More Than 100K Early Retirees Eligible for Expanded Medicaid
More than 100,000 "early claimers" -- or individuals who retire early and claim Social Security benefits at age 62 -- might be eligible for Medicaid in the states that expanded Medicaid under the Affordable Care Act, according to a report by the Government Accountability Office, Modern Healthcare reports.
The report found that roughly one million early retirees lacked either Medicaid coverage or employer-sponsored coverage before the ACA's insurance options took effect earlier this year.
According to the agency, 14% of those individuals might be eligible for coverage through Medicaid in the 25 states and Washington, D.C., that expanded Medicaid programs under the ACA. Meanwhile, another 58% could be eligible for tax credits to offset the cost of private coverage through the health insurance exchanges, the report found.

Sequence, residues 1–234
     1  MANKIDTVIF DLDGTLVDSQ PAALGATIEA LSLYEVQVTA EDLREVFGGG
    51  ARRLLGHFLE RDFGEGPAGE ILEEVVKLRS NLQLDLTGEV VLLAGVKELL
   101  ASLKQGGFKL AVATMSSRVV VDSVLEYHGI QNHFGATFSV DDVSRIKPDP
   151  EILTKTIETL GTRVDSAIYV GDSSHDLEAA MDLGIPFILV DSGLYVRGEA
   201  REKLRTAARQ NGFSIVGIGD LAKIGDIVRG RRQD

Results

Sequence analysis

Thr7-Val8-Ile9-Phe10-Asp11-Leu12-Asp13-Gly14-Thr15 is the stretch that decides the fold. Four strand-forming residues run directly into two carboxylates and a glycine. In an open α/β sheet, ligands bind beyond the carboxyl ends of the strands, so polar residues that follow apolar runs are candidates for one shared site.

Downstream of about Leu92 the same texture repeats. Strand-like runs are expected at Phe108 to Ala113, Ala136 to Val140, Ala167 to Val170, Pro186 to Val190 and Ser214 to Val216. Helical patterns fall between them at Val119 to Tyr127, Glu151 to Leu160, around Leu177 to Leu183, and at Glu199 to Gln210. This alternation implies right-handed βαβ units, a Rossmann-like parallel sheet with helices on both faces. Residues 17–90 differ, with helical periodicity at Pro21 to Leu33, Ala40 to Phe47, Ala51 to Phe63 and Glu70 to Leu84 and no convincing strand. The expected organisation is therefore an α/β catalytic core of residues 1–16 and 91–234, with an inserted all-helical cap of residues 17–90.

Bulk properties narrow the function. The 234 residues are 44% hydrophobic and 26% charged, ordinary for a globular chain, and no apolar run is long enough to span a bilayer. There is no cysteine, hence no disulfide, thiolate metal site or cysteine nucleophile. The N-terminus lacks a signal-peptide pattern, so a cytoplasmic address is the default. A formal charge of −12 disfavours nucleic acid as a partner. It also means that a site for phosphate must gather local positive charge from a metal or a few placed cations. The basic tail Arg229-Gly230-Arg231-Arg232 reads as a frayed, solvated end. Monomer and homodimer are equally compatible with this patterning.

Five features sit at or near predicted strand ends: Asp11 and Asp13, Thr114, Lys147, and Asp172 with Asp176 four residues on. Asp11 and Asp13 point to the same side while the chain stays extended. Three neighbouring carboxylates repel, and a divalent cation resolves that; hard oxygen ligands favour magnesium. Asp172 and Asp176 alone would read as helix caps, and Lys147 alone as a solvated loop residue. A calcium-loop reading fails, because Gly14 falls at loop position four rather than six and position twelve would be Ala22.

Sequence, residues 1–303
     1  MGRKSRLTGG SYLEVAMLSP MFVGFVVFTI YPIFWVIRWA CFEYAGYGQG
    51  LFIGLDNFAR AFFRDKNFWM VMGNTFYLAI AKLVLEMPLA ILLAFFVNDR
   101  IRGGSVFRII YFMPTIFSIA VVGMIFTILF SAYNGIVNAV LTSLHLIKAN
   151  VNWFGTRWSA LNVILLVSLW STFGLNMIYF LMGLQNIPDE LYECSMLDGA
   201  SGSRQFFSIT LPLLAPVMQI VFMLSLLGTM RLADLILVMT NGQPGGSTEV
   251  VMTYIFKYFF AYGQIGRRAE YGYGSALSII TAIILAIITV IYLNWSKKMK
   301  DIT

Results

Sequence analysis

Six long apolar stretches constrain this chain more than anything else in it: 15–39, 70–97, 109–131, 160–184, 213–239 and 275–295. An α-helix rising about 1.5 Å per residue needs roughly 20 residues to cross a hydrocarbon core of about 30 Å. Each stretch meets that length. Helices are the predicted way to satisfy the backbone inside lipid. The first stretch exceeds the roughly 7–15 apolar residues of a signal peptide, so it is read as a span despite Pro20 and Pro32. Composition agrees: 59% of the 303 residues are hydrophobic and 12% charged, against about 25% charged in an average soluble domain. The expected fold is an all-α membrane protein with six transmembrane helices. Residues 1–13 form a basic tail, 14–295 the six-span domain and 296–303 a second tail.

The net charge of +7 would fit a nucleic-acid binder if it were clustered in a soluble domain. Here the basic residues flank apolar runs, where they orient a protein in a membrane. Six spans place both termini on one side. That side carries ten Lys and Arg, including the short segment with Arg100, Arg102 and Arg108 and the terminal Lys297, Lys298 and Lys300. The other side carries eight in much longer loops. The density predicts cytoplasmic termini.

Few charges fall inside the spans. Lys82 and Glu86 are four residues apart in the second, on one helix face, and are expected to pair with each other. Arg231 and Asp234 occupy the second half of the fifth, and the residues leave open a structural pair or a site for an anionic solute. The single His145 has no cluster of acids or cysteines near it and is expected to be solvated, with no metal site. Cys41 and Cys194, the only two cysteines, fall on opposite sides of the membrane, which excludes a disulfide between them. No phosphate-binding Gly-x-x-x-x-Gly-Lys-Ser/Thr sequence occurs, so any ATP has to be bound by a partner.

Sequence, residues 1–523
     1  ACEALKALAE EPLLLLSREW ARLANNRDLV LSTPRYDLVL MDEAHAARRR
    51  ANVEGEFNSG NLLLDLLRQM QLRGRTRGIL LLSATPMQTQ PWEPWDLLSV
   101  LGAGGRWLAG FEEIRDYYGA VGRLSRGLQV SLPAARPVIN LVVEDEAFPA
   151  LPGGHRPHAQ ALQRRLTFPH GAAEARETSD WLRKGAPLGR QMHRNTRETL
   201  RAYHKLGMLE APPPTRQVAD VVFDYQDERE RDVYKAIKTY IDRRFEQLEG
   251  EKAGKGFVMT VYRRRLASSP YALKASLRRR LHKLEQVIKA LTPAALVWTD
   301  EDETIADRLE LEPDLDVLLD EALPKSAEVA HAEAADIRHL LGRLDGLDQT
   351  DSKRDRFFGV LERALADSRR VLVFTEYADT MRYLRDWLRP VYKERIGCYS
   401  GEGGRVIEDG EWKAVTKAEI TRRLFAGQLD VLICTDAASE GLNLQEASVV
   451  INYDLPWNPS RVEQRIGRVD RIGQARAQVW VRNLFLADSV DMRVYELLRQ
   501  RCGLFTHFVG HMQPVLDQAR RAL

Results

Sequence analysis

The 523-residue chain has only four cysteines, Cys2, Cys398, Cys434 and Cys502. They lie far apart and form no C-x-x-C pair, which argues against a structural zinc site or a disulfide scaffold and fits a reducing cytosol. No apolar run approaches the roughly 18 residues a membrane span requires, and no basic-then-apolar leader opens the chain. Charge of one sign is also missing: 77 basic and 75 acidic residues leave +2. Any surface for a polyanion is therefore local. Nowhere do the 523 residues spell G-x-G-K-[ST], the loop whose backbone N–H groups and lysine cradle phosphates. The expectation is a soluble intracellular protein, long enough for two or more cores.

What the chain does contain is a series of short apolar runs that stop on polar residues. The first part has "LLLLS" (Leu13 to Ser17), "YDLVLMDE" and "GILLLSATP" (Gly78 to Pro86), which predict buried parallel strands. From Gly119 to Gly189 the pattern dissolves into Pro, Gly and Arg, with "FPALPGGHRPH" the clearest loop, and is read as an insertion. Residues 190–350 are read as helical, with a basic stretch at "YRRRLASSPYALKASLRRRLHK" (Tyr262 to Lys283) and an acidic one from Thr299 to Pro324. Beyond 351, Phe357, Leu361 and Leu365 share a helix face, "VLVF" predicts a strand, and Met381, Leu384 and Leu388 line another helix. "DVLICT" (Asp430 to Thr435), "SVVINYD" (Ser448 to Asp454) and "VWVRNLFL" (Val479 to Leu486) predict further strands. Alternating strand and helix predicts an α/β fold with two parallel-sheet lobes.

However, roughly 10% of early claimers reside in states that have not expanded Medicaid and had incomes below the federal poverty line, which makes them ineligible for the exchange premium subsidies, according to Modern Healthcare.
Webster Philips, a senior legislative representative at the National Committee to Preserve Social Security and Medicare, said the expanded ability to obtain coverage under the ACA is most beneficial to "people who have been forced out of a job at age 62 or 63," when it is "very difficult for them to find [another job]."
Meanwhile, Linda Riddell -- a health policy analyst at Health Economy, a health care consulting firm -- said many eligible retirees might forgo Medicaid coverage because of the program's stigma, especially among older U.S. residents (Dickson, Modern Healthcare, 6/3).This is part of the California Healthline Daily Edition, a summary of health policy coverage from major news organizations. Sign up for an email subscription.